School Board Association: Cheaters Can Be Valedictorians
Plus, Augusta University basketball gets sanctions for academic misconduct. Plus, new cheating scandal in China.
To subscribe to “The Cheat Sheet,” just enter your e-mail address below:
To share “The Cheat Sheet:”
Thanks for sharing “The Cheat Sheet.” If you enjoy or support my work, please consider chipping in via Patreon:
Texas School Board Association: Let Cheaters Keep Valedictory and Other Titles
The Texas Association of School Boards recently advised its members that they - Texas School Boards - should let students who engage in misconduct keep graduation honors such as being a class “valedictorian.”
TASB Policy Service does not recommend disqualifying a valedictorian or salutatorian because of misconduct
The reason is pretty simple - they think doing so may invite litigation:
Because academic honors often entitle students to scholarships, a student who is denied an honors position for reasons unrelated to academic performance might claim monetary damages and file a grievance or even a lawsuit.
Instead, they suggest denying the student a chance to speak at graduation. Though they caution that this too may present legal issues and, they say, could only happen if the student in question engages in:
any misconduct in violation of the district’s code resulting in an out-of-school suspension … or expulsion during the semester immediately preceding graduation.
So, they’d maybe really only lose the chance to give a speech if the misconduct resulted in an out-of-school suspension and it happened during the single semester before graduation.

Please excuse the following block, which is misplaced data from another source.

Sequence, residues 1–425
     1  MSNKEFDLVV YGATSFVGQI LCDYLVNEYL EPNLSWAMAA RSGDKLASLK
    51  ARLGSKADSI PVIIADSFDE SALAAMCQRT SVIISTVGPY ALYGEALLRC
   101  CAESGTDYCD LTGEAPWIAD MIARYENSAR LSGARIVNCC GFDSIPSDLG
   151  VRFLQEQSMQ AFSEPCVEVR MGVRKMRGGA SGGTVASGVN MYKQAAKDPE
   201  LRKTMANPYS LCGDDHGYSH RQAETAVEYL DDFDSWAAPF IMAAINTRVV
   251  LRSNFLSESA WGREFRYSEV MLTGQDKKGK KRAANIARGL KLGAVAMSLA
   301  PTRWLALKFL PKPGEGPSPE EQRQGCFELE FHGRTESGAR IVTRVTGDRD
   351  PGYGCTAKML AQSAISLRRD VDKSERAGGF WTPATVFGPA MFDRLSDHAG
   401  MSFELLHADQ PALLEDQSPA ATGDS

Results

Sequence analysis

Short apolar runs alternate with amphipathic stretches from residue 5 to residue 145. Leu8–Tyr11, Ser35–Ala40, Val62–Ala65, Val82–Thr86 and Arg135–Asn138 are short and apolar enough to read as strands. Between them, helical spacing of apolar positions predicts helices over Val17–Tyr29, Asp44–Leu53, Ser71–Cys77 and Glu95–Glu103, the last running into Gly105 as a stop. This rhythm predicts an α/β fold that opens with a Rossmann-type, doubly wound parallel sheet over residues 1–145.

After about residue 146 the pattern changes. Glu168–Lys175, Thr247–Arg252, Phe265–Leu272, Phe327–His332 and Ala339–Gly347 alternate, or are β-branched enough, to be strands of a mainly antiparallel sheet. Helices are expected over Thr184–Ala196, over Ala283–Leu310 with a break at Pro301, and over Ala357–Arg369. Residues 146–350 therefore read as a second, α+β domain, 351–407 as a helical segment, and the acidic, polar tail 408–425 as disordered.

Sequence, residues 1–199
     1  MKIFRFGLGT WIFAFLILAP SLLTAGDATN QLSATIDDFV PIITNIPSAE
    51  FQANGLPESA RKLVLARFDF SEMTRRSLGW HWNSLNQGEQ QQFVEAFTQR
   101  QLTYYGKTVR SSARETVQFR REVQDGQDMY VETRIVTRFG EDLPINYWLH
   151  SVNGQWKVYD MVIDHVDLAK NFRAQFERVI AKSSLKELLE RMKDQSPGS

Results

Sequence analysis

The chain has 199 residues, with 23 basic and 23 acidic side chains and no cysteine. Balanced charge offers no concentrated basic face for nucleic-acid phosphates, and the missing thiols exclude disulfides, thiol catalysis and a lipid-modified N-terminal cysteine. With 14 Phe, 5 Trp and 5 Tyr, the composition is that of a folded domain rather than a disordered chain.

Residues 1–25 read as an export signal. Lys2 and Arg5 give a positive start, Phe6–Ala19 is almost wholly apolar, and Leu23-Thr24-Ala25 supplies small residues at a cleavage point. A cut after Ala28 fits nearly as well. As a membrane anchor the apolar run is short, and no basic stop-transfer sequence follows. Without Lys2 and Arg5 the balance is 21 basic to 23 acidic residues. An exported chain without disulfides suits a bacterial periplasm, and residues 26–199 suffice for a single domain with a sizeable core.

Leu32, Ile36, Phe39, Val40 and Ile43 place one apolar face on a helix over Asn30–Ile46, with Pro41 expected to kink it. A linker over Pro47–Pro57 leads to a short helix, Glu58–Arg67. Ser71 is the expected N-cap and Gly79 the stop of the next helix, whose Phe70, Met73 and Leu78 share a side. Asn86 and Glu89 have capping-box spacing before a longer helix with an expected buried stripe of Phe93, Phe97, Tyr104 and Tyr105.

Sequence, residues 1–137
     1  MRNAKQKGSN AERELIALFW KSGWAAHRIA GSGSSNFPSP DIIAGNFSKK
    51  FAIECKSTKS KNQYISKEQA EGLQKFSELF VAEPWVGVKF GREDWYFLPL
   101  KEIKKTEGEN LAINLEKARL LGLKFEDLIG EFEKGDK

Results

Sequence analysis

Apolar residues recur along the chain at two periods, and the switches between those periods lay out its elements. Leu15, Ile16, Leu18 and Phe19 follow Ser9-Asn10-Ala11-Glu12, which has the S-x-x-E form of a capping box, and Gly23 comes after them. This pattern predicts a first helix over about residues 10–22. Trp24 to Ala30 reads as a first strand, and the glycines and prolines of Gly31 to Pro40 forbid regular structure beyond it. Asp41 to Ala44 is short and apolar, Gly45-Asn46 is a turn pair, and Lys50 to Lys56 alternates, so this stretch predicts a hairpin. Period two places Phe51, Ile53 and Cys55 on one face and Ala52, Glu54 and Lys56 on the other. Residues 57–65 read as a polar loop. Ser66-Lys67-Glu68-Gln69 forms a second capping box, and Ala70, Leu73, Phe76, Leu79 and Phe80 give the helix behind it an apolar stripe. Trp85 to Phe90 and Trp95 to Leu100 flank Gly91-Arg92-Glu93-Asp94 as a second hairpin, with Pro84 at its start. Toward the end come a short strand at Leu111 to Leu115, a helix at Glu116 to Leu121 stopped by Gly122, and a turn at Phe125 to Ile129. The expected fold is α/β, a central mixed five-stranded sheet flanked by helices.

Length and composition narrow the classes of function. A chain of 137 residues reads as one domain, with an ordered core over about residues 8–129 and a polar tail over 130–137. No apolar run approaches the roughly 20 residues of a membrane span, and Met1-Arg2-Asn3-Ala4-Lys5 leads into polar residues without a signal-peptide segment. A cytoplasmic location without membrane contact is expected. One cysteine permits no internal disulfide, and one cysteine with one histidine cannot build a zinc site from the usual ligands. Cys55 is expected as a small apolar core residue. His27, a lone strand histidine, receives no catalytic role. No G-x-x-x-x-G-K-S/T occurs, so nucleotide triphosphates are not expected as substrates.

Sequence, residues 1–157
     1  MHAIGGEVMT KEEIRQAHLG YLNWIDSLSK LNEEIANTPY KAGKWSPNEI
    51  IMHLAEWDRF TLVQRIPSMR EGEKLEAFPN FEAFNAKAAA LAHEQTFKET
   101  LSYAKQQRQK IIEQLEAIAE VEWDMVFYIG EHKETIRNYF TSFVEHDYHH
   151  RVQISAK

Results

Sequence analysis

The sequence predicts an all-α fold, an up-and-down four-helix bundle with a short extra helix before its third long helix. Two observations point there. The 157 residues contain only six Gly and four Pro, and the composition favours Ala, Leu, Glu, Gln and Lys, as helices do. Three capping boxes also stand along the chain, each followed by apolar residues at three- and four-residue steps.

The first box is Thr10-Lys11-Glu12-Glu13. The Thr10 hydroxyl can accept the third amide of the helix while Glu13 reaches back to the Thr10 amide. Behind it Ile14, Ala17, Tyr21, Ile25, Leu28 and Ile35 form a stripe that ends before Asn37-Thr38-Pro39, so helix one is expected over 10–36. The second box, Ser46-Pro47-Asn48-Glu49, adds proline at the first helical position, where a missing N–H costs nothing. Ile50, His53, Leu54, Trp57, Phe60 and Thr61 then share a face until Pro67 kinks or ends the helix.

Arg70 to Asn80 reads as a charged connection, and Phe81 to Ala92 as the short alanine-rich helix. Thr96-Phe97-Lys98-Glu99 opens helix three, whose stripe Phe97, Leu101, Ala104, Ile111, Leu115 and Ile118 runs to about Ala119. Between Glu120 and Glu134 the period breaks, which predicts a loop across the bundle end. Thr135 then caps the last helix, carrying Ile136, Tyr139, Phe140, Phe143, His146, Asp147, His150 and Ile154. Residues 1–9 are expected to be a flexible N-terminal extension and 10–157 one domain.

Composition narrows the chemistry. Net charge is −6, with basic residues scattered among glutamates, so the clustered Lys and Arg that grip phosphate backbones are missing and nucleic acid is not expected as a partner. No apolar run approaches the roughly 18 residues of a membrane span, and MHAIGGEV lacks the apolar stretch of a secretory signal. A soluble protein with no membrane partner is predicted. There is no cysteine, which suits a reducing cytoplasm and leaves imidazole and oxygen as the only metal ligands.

Instead, they say school boards should punish academic dishonesty with grade penalties:
A student who receives a grade penalty for academic dishonesty may drop out of the competition for valedictorian or salutatorian altogether based on class rank alone.
They may. But, you know, maybe not.
But my favorite part of this policy guidance is where the Texas School Board Association says:
Class rank is based on academic achievement measured by students’ weighted grade point averages or weighted numerical averages. Misconduct does not impact the calculation of class rank.
I’m sorry - did the Texas School Board Association just say that misconduct such as cheating does not impact grade point averages? Maybe that’s not what they meant.
Still, wow. That’s three.
Augusta University Basketball Sanctioned for Academic Misconduct
Augusta University, part of the public college system in Georgia, was recently sanctioned by the NCAA for academic misconduct in their basketball program. The program has been fined, forfeits wins and records and will see cuts to future scholarships and practice sessions, plus other sanctions.
The NCAA found, for example, that despite the availability of academic supports and tutors, coaches helped students cheat. This help, the NCAA says, included:
the head coach editing and adding content to a paper the student-athlete wrote for an English class
during a virtually proctored exam, the academic coordinator/instructor observed the former assistant coach sitting with the student-athlete as he was taking the exam. The video also showed the student-athlete submitting answers without his hands on the keyboard and impermissibly using his phone during the exam
The test misconduct was caught when the professor viewed the recorded session provided by the exam proctoring provider. I bet the NCAA is happy they had a recording to review and, in this case, confirm.
It’s not that I celebrate punishments or penalties, but I do like to see that cheating has consequences now and again. For this, I am glad there is an NCAA. I just wish that accreditors cared half as much about academic misconduct as the NCAA does.
A University Dean in China Plagiarized, Stripped of Degree
News from The South China Morning Post that a Dean at a Chinese University faces serious consequences for plagiarism.
from the Kunming Railway Vocational and Technical College in Yunnan province, southwestern China, was stripped of her degree after an investigation found at least one-quarter of her master’s dissertation was stolen from research papers published by other academics
The person who turned the Dean in told the paper that this case:
is not the only fraudulent academic at the university and said plagiarism is rife, but said management turned a blind eye to the problem